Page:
English Garden

When one is entering this particular section of the restaurant they would first encounter the border of the space, criss-cross timber fencing teasing everyone by showing only glimpses of the space contained within.


Afterwards, guests will soon find themselves in a cosy garden space, very reminiscent of the old English gardens, hence the given name of the space. All furniture are customized to resemble English furniture, the colour white covers the space, elegant and delicate roses suspends from the ceiling above, the floor is covered with cool and soft grass carpet,


English folk art and collectibles line the shelves and decorated the walls, the glass window allows a glimpse outside the restaurant and to allow sunlight to come in, a foldable timber shade as well as foliage curtains are installed on top of the window sill to block out the sunlight when needed, timber picket fencing with English blossoms contained within; all to create an accurate sense of space in terms of atmosphere and ambience for the customers.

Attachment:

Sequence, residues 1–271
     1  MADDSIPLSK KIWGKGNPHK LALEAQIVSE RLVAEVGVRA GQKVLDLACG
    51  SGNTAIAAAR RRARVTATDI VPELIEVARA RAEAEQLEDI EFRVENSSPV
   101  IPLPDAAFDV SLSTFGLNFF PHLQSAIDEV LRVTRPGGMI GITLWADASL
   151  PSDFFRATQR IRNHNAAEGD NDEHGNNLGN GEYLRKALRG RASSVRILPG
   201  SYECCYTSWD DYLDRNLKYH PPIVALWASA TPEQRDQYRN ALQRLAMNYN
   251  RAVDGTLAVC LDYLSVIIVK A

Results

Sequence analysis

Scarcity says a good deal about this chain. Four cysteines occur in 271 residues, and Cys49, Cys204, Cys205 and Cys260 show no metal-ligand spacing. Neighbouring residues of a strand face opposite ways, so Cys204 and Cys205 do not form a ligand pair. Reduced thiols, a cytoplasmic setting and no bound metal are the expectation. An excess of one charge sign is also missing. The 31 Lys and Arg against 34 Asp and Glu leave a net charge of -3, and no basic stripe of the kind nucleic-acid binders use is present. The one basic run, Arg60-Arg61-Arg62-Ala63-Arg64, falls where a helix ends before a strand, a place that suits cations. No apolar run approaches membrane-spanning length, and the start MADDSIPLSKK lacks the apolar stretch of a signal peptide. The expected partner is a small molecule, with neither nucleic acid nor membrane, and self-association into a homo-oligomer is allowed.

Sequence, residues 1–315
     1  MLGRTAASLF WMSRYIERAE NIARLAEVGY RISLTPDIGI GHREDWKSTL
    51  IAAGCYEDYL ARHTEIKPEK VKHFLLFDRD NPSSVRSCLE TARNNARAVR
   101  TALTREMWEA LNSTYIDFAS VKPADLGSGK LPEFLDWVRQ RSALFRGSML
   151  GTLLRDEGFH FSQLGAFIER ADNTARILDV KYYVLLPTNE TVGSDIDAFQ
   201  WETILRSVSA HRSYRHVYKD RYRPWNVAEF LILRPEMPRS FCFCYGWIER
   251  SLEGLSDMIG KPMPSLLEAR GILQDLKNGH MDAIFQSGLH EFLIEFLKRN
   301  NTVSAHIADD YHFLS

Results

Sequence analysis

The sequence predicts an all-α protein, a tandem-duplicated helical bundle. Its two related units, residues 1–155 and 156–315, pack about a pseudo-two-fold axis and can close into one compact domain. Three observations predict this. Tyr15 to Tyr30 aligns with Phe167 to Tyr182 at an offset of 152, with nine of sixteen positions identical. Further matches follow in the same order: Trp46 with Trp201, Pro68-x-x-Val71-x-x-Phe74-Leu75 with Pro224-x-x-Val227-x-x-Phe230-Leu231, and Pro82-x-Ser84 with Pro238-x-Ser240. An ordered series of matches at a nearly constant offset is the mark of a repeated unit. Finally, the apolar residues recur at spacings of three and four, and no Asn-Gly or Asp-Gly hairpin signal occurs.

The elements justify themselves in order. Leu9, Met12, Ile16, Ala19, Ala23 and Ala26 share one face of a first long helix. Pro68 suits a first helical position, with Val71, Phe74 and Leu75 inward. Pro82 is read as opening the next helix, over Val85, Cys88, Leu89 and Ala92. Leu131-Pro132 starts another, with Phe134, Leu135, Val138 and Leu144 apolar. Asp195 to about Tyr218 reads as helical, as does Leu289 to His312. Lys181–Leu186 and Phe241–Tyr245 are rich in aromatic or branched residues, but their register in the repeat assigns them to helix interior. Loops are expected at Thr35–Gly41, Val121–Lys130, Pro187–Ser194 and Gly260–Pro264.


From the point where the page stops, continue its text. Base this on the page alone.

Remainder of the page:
The owner paid so much attention to detail that he even took note that the only readily available building material at the time is wood, and thus executed a demand that the furniture, cabinets and shelves be made of timber.



With all that said, although the section is called the English Garden, it is actually dedicated to Agnes Newton Keith whose nationality is American. She travelled to North Borneo when she got married to her English husband Henry G. Keith whom worked under the British North Borneo Chartered Company as Conservator of Forests and Director of Agriculture for the government of North Borneo. During her time here, she was encouraged by her husband to write about her adventures in North Borneo, with that she won a literary competition and was offered a serialisation in a magazine.


These written articles are then compiled into a book entitled ‘the Land below the Wind’ as it garnered much interest from readers at the time. With that, she became one of the earliest writers to write about North Borneo. This book not only contributed to elevating North Borneo into the eyes of the world, it also made Sabah synonymous with the nickname of ‘Land below the wind’.